3. The learned trial Judge dismissed the suit in so far as it related to the prayer for permanent injunction, restraining the defendants from taking water from the suit well by means of a Kos or Reuht. The rest of the suit was allowed. Being aggrieved by the decree of the trial Court, the plaintiff preferred an appeal to the court of the Joint Judge, Ahmedabad (Rural) at Himatnagar. The defendants had also filed cross-objections which were dismissed by the learned Judge. The appeal preferred by the plaintiff was allowed and all the reliefs asked for by him in the plaint were granted. Being aggrieved by the decree of the learned joint Judge the defendants have come in appeal. The appellant No. 1 (defendant No. 1) having died during the pendency of the appeal, his legal representatives have been brought on record.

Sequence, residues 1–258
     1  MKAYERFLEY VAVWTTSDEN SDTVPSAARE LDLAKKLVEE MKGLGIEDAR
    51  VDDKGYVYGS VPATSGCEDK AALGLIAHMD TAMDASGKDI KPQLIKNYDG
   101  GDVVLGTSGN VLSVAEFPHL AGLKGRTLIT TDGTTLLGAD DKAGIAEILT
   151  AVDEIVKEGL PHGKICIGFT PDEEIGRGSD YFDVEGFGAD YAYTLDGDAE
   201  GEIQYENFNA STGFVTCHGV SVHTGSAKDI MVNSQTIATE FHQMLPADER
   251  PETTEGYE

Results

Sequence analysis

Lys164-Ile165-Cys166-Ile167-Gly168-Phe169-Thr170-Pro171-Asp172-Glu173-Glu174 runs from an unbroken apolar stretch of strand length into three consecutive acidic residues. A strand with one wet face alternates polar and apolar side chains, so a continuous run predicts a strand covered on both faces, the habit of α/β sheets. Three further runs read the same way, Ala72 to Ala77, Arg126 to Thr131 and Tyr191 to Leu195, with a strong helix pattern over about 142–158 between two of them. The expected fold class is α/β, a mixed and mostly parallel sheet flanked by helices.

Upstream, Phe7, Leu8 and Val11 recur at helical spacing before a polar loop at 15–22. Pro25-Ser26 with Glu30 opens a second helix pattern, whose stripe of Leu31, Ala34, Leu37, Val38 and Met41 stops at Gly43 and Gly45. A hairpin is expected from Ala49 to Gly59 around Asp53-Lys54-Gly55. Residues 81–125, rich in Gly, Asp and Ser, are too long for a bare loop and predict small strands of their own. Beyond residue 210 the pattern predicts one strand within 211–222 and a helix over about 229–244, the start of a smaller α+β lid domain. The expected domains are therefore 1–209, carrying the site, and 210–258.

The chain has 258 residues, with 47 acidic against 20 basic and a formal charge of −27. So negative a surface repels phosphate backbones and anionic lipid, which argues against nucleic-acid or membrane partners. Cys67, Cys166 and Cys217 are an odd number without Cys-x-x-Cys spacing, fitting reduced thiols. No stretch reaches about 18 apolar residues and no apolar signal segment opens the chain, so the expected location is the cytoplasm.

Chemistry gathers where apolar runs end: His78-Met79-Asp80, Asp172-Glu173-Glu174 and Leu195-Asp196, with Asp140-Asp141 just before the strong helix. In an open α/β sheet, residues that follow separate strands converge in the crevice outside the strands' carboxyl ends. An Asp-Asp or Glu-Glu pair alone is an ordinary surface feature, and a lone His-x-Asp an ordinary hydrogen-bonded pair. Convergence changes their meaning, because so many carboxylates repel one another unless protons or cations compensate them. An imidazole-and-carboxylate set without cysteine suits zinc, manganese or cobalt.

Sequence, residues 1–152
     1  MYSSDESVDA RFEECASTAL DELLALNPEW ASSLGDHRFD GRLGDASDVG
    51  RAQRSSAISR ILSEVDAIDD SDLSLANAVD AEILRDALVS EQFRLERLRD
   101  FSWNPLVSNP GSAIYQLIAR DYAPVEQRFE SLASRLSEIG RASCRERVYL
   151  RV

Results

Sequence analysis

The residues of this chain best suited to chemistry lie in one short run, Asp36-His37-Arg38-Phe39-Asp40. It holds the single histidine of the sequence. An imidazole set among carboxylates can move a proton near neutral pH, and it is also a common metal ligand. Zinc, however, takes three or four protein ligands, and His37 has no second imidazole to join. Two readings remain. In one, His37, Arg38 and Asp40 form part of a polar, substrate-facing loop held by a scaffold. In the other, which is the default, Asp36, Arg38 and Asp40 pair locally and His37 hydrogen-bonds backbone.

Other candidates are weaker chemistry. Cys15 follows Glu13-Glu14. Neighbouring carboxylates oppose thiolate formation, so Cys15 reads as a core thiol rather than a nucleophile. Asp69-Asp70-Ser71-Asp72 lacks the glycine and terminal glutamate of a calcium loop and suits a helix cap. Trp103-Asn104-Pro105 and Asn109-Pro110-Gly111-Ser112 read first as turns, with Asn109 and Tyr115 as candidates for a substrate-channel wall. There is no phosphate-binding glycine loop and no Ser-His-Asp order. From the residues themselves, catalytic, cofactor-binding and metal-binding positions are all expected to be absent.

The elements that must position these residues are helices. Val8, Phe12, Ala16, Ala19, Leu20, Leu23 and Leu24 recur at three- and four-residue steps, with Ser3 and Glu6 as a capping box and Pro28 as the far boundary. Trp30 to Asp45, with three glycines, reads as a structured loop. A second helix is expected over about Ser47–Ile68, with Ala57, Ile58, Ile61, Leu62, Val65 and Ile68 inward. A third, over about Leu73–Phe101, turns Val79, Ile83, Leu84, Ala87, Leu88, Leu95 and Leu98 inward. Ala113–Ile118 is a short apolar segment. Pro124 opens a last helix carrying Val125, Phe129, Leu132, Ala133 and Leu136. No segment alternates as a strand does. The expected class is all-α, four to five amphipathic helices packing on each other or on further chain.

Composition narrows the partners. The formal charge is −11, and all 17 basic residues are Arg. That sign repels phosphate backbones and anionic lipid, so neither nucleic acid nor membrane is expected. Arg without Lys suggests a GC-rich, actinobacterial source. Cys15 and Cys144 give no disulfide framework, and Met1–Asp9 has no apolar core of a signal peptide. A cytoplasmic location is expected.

4. The fate of the suit as well as this appeal depends on the construction of the sale deed executed by the respondent and his deceased brother in favour of the defendants. As it has not been specifically stated in the sale deed Exh. 68 that, the defendants had a right to draw water from the suit well, the parties were allowed to adduce evidence to facilitate the construction of the sale deed. It is argued by the learned advocate for the appellants that, the construction of a document raises a question of law and hence, it would be open to the court to consider not only the sale deed but also the relevant evidence on record for the purpose of finding out whether, the defendants; were given any right to draw water from the suit well, The learned advocate for the respondent has, however, relying on the decisions in the case of Gurunath v. Suryakant (AIR 1940 Bom 225) and Basudev Das v. Somenath Das (AIR 1964 Ori 63), argued that, the finding of the learned Joint Judge on the construction of the sale deed on the basis of the evidence an record is a finding of fact and hence, it cannot be interfered with in a Second Appeal.